Thursday, May 13, 2010
Kanro Almond Sweets
Most nuts in Japan cost a great deal. You can generally buy rather small packets of them for about 100 yen ($1.07) at convenience stores, but they tend to be of a less than favorable grade. Because of this, you find that nuts are used rather sparingly here, and blanched or heavily roasted (but unsalted) peanuts are the most common type of nut. Almonds, which are my favorite nut, in particular are hard to come by and pricey.
Given my love of almonds, I was happy to pick up these sweets at AM/PM convenience store for somewhere in the ballpark of 200 yen ($2.15). I forgot to get a receipt so I've lost track of the precise cost. The bag is 80 grams (2.8 oz.), which was about 22 candies. They are made by Kanro, which is better known for its Puré gummy candies and Calpis-based offerings than for it's vast selection of hard candies.
These candies smelled of roasted almonds, and even though they look very hard, they easily shatter when you bite down on one. The texture is wonderfully crunchy, though the size is so small that it doesn't take much to polish one off. Their small size is reflected in the calorie count of 14 calories per candy. You can't detect them in the flavor, but one of the ingredients is "corn puffs". I'm guessing that is to enhance texture without having to include more expensive almonds.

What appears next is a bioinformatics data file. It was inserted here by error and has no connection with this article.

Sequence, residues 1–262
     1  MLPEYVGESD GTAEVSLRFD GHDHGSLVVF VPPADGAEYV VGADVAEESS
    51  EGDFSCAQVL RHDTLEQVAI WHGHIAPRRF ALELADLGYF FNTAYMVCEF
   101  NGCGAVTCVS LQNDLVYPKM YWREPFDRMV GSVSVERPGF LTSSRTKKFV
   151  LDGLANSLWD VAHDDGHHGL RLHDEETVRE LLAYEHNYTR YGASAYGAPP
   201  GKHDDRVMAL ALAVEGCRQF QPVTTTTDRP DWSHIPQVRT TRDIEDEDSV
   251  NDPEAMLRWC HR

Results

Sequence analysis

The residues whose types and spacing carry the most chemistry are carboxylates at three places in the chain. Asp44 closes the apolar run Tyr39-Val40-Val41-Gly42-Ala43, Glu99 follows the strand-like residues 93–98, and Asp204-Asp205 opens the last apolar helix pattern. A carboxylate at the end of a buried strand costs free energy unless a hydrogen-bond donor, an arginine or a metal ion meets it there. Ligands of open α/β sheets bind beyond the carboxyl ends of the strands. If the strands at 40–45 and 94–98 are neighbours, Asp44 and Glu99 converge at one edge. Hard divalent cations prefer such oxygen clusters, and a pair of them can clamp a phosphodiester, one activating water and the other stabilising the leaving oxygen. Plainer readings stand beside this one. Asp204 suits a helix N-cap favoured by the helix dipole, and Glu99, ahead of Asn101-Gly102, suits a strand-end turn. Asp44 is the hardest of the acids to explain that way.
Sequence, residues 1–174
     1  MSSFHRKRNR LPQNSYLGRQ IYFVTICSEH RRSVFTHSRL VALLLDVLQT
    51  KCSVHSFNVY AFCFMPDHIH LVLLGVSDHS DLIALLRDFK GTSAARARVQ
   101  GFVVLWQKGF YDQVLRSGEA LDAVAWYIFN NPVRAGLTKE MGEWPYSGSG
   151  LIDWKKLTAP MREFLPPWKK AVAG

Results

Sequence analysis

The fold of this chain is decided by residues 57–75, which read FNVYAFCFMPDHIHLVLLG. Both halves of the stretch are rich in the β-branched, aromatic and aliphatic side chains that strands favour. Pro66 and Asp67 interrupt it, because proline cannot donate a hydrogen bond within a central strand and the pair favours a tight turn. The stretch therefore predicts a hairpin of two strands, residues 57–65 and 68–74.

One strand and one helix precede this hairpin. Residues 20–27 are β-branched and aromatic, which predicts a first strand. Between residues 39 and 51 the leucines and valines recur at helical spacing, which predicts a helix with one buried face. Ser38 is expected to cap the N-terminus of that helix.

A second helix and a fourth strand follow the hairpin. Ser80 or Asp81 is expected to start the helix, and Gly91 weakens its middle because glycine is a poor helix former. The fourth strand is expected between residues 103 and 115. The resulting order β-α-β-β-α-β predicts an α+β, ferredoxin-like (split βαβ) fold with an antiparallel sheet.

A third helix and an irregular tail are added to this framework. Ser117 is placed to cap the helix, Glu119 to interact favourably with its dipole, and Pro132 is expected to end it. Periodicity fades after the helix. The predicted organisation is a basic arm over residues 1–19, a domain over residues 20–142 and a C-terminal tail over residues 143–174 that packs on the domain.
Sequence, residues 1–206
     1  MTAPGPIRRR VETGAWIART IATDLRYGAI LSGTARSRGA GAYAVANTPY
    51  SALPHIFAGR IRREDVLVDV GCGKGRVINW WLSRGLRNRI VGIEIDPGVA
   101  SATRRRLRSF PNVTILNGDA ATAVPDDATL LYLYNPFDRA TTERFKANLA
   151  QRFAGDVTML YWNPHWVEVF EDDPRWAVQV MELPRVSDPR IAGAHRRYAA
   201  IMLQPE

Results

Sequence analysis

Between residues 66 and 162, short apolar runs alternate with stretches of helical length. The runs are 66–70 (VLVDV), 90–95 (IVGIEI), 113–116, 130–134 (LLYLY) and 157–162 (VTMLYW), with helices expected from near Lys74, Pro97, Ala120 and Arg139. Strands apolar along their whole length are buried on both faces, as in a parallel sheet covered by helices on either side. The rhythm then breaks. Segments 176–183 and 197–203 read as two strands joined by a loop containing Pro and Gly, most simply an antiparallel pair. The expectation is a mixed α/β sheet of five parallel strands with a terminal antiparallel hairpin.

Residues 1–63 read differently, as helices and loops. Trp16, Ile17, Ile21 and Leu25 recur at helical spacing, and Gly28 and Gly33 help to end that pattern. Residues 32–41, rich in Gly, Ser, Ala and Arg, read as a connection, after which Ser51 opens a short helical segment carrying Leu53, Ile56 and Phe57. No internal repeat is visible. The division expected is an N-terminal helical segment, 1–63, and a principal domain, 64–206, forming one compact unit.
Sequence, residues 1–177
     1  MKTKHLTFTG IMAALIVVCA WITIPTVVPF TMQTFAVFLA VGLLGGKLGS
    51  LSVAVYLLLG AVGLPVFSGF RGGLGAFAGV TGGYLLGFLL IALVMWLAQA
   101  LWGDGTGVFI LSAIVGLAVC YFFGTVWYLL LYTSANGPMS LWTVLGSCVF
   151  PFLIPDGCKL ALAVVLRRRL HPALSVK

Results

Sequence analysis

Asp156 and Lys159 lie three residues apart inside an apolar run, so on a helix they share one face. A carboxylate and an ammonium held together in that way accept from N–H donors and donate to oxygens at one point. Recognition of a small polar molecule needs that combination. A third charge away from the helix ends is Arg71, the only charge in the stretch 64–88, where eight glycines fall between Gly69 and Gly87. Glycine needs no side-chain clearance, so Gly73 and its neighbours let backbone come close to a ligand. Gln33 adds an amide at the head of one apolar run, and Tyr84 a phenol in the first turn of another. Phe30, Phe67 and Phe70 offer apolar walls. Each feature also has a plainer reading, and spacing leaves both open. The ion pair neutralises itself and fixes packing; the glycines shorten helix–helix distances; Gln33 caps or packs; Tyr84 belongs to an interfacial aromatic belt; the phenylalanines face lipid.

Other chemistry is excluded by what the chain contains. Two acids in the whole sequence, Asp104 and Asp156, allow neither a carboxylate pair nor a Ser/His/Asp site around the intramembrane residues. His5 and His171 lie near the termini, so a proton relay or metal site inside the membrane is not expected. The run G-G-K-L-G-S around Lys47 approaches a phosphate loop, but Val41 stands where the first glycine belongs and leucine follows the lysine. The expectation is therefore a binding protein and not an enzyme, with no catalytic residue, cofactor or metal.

The candy tastes both of nicely roasted almonds and of carmelized sugar. The combination is very gratifying though rather fleeting. It's easy to find yourself wanting to eat one after another. Note that these are wrapped rather loosely in gold foil packets. If you keep them around long enough, there is every chance that they'll get moist. Most hard candies in Japan are sold in sealed packets to avoid this problem in their humid sub-tropical climate.
I really enjoyed these, and I'd definitely buy them again if I could trust myself not to lose control and eat half a bag at one sitting. Though I really liked the texture, part of me wished that they were something you could suck on first, but they disintegrate too rapidly.